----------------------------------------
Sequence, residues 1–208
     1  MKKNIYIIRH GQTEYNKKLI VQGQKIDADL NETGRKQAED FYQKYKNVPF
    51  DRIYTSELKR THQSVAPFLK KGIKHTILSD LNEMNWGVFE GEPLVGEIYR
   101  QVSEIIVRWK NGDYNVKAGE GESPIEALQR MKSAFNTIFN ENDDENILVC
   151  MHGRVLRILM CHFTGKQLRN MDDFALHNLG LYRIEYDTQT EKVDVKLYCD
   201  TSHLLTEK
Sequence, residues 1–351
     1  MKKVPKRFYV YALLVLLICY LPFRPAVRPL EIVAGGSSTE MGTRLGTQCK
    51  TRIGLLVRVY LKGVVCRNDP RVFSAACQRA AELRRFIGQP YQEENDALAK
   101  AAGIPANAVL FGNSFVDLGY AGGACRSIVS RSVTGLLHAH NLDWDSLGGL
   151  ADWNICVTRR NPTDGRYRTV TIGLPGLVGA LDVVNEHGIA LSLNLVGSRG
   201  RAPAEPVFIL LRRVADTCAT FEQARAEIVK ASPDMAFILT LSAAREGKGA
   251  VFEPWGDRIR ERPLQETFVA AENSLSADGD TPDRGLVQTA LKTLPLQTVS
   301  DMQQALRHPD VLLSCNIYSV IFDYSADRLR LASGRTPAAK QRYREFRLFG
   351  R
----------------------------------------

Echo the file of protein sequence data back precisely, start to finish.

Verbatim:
Sequence, residues 1–208
     1  MKKNIYIIRH GQTEYNKKLI VQGQKIDADL NETGRKQAED FYQKYKNVPF
    51  DRIYTSELKR THQSVAPFLK KGIKHTILSD LNEMNWGVFE GEPLVGEIYR
   101  QVSEIIVRWK NGDYNVKAGE GESPIEALQR MKSAFNTIFN ENDDENILVC
   151  MHGRVLRILM CHFTGKQLRN MDDFALHNLG LYRIEYDTQT EKVDVKLYCD
   201  TSHLLTEK
Sequence, residues 1–351
     1  MKKVPKRFYV YALLVLLICY LPFRPAVRPL EIVAGGSSTE MGTRLGTQCK
    51  TRIGLLVRVY LKGVVCRNDP RVFSAACQRA AELRRFIGQP YQEENDALAK
   101  AAGIPANAVL FGNSFVDLGY AGGACRSIVS RSVTGLLHAH NLDWDSLGGL
   151  ADWNICVTRR NPTDGRYRTV TIGLPGLVGA LDVVNEHGIA LSLNLVGSRG
   201  RAPAEPVFIL LRRVADTCAT FEQARAEIVK ASPDMAFILT LSAAREGKGA
   251  VFEPWGDRIR ERPLQETFVA AENSLSADGD TPDRGLVQTA LKTLPLQTVS
   301  DMQQALRHPD VLLSCNIYSV IFDYSADRLR LASGRTPAAK QRYREFRLFG
   351  R